MINNEAPOLIS -- Despite an expanding body of evidence linking brain damage to violent collisions on the football field, Bob Stein can still indulge in a little gallows humor. "The good news," he said, "is that I can't remember how many concussions I had."
The attorney and former Minnesota Timberwolves president spent eight years knocking heads as an NFL linebacker. One injury he does recall -- just barely -- happened in 1971, when his Kansas City teammate Willie Lanier tried to stop O.J. Simpson on a kickoff return by swinging a fist at him. Lanier missed and hit Stein instead, knocking him unconscious.
A doctor examined Stein on the sideline and told him he might have a concussion. As was the custom at the time, he asked if Stein wanted to return to the game; as was the custom, Stein said yes. He had no idea he had a skull fracture until 15 years later, when a sinus infection slipped through the break and morphed into a near-fatal case of spinal meningitis.
Stein knows he could well be blindsided again in another 15 years. The Center for the Study of Traumatic Encephalopathy at Boston University announced last week that a 10th NFL retiree had been diagnosed with chronic traumatic encephalopathy (CTE). The degenerative brain disease causes such symptoms as memory impairment, emotional instability and erratic behavior as it grows into full-blown dementia.
A week earlier, CTE also was diagnosed in a former college player who died at age 42, marking the first time the illness has been found in a player who did not go on to a pro career. The disease, which can only be diagnosed postmortem, has been found in all 11 football players whose brains have been examined at BU. Yet the NFL continues to deny, ignore or downplay such studies, even as Stein sees the mounting toll.
"I don't know if anyone gets out unscathed," said Stein, a Gophers All-America who won a Super Bowl with the Chiefs in 1969. "There is a trail of broken bodies littering the landscape of the NFL, and it's the guys who built the league. And the league is ducking its head in the sand. It should take some accountability and responsibility, but so far, the answer is no."
In recent weeks, though, the NFL has faced growing pressure to own up to the game's dangers and implement reforms. A "60 Minutes" report last month showed images of the brain of former Viking Wally Hilgenberg, who died last year of Lou Gehrig's disease. The slides revealed blotches caused by the buildup of tau, a toxic protein which indicates brain trauma.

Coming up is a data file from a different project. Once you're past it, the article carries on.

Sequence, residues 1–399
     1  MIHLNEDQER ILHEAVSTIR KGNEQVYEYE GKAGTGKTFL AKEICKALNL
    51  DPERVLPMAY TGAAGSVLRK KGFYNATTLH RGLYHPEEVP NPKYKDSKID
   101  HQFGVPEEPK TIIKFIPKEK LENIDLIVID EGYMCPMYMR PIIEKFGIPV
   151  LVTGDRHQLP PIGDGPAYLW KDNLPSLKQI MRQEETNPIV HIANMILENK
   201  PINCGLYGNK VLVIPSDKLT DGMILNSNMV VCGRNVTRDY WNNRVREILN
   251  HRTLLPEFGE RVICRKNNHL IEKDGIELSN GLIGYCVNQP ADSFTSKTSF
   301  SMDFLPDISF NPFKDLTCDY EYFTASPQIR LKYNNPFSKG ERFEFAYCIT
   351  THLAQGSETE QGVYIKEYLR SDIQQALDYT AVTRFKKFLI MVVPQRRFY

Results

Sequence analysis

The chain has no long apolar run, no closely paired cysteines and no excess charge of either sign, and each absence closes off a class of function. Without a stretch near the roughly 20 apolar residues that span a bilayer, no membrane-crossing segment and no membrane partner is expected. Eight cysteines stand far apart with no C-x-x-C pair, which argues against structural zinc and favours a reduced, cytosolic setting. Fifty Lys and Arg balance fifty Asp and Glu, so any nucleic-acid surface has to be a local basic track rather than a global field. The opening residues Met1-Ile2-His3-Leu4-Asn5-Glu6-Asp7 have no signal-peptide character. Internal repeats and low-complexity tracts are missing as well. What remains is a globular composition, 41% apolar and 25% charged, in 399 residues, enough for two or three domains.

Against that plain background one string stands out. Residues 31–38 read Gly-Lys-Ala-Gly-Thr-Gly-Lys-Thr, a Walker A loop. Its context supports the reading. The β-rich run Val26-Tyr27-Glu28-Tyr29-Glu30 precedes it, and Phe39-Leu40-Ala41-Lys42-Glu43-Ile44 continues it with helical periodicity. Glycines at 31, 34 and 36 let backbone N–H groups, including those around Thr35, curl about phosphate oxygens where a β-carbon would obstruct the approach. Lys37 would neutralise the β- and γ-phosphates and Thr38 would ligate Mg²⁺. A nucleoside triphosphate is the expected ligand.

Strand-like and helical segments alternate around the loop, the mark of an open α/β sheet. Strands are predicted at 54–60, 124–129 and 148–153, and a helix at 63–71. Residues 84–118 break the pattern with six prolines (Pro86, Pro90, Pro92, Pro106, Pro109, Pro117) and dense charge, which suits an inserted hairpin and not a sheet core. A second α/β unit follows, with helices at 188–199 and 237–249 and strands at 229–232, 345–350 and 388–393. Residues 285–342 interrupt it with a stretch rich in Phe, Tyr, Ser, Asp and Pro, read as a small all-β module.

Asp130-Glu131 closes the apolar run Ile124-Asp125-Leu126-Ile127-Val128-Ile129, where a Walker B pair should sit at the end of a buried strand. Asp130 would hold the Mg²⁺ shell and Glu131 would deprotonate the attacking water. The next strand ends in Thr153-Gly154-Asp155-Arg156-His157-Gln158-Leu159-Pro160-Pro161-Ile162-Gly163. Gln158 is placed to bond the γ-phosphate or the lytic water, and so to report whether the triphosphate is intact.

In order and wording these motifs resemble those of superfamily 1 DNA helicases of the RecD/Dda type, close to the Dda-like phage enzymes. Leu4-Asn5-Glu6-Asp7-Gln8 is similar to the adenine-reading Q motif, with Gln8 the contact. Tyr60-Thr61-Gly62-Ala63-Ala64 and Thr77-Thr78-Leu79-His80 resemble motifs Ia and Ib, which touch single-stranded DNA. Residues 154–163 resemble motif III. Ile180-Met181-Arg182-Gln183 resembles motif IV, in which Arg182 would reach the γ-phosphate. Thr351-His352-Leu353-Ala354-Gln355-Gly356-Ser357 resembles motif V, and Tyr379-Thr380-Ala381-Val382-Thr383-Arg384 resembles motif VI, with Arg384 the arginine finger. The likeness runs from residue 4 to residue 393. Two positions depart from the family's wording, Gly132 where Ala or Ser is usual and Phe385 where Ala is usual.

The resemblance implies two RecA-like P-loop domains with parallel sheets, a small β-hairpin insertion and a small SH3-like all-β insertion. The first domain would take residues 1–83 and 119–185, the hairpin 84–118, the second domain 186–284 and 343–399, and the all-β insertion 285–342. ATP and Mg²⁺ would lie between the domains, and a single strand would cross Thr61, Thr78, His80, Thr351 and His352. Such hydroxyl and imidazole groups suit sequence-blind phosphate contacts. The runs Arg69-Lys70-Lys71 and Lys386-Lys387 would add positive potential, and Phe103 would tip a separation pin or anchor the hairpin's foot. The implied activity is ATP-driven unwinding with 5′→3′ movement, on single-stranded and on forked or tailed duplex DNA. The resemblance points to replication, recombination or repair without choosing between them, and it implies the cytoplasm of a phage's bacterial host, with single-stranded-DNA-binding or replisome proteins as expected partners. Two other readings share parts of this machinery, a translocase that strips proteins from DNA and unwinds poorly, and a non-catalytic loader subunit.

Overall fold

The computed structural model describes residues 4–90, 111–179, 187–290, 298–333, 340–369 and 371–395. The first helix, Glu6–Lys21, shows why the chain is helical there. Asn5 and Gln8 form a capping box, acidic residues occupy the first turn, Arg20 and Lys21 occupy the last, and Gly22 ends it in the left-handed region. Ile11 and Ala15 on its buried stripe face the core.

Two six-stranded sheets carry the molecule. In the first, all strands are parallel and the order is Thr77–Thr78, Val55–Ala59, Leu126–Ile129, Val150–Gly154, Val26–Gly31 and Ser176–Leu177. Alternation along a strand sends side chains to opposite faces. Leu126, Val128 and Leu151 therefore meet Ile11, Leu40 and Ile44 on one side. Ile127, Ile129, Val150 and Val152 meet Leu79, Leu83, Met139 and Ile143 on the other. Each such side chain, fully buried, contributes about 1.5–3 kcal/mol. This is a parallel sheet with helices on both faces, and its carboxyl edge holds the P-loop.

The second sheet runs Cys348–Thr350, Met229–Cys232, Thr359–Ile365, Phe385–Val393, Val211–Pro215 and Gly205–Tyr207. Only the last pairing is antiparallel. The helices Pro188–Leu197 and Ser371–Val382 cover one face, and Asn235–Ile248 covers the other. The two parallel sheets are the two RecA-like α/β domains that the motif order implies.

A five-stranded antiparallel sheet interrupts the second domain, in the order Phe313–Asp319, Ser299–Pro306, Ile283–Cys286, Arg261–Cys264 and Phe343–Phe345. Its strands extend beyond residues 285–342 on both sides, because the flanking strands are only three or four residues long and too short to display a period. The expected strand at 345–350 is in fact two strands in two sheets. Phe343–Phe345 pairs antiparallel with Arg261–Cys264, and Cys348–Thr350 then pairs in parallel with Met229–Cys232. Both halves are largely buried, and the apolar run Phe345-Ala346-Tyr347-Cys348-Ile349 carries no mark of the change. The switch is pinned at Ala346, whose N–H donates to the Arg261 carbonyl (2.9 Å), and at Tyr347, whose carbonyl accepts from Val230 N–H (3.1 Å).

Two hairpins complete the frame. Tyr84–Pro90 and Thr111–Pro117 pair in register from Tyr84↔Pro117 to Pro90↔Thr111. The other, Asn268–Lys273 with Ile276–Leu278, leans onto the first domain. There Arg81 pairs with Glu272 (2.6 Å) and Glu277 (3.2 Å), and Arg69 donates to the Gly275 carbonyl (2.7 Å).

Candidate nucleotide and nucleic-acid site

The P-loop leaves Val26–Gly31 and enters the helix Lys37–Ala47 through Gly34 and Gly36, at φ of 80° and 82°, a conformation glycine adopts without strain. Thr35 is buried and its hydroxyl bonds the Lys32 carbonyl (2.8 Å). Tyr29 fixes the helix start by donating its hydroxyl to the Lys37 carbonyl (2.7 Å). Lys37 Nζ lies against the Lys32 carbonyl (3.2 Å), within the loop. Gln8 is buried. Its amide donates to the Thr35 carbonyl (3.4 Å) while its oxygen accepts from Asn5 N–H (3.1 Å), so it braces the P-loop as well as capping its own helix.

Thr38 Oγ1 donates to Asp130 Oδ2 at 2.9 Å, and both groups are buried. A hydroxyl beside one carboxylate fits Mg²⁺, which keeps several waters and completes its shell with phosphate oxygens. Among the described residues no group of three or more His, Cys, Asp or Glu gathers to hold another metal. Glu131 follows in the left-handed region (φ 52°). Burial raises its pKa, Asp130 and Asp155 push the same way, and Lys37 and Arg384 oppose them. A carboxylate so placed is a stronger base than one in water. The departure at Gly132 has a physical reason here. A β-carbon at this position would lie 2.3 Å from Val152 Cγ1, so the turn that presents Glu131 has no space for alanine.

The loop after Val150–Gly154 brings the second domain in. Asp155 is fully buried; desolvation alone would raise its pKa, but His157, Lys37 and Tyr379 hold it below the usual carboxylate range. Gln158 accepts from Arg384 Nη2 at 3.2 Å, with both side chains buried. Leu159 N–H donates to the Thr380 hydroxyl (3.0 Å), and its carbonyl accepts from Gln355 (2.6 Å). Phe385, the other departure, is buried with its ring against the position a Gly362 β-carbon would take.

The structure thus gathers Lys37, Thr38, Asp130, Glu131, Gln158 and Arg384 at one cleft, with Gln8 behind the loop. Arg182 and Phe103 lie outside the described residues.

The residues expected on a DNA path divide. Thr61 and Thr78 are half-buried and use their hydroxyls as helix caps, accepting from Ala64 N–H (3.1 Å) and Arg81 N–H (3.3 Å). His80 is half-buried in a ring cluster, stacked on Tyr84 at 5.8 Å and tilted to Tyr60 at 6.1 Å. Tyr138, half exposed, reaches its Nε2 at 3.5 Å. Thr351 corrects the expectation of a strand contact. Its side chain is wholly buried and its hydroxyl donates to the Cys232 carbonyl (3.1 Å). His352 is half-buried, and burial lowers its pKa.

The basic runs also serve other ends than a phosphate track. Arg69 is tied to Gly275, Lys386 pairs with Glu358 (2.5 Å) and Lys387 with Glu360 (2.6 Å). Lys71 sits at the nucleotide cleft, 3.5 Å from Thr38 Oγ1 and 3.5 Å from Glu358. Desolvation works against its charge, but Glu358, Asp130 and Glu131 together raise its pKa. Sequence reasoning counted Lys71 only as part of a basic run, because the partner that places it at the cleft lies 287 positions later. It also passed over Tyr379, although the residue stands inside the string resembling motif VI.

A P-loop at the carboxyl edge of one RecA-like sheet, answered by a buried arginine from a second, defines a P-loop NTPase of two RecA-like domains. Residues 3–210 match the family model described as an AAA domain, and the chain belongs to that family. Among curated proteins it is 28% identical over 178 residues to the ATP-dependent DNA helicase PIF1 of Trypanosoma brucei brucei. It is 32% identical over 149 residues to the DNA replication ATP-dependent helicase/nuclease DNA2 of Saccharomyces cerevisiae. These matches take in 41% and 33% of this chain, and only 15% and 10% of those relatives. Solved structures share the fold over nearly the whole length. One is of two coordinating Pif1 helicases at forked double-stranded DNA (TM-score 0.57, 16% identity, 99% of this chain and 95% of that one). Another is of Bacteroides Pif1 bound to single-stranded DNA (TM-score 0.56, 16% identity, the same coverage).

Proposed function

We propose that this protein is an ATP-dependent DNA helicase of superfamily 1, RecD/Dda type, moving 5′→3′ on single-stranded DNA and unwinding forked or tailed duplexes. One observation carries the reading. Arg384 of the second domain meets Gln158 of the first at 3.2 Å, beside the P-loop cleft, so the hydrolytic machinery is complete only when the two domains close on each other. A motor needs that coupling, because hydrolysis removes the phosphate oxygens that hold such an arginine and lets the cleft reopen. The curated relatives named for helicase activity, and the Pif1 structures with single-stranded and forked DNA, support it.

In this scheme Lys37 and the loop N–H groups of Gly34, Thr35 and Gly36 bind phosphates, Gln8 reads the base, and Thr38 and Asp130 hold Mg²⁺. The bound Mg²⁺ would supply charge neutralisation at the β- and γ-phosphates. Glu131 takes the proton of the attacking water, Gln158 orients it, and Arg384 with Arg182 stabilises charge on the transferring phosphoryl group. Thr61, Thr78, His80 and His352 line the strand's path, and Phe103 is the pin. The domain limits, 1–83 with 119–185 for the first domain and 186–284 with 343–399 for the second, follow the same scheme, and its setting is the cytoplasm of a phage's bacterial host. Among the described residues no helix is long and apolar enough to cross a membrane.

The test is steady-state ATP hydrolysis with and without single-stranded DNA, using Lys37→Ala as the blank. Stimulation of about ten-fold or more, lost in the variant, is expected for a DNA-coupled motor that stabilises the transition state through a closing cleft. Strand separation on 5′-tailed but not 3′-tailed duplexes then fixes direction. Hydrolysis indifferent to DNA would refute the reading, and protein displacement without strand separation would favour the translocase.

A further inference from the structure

PBS' "NewsHour with Jim Lehrer" illustrated the issue last week through a visit with Hall of Famer John Mackey, who suffers from advanced dementia at age 68. An article in the Oct. 19 New Yorker magazine explained how the damage builds, even through hits of lesser force, and the culture that leads players to shrug off symptoms despite greater knowledge of the consequences.
The concern has reached as far as Washington, where the House Judiciary Committee held hearings last week to discuss the matter. NFL Commissioner Roger Goodell did not acknowledge a connection between CTE and head trauma incurred in football, a predictable response given the league's consistent rebuff of all independent research. The NFL even criticized a recent study it commissioned, which indicated that former players 50 and older suffer from dementia and related illnesses at a much higher rate than the general population.
The increased public awareness isn't likely to affect the bottom line of America's most popular sport, which pulled in $7 billion in revenues last year. But it should make us ponder the human cost. After years of seeing the devastation wrought on his NFL brethren, Stein filed a federal class-action lawsuit last August on behalf of fellow league retirees, seeking a share of the revenues the NFL makes from using the images of those former players to promote itself.
The league, he said, owes at least that much to the men who sacrificed their health to the game. It could fully repay the debt by acknowledging the true price the sport exacted from them.
"Wally Hilgenberg told me that in one game, he had a collision and lost sight in one eye, and he continued playing," Stein said. "I don't remember a player ever missing a game because of a concussion. Now we're learning what the residual effects are."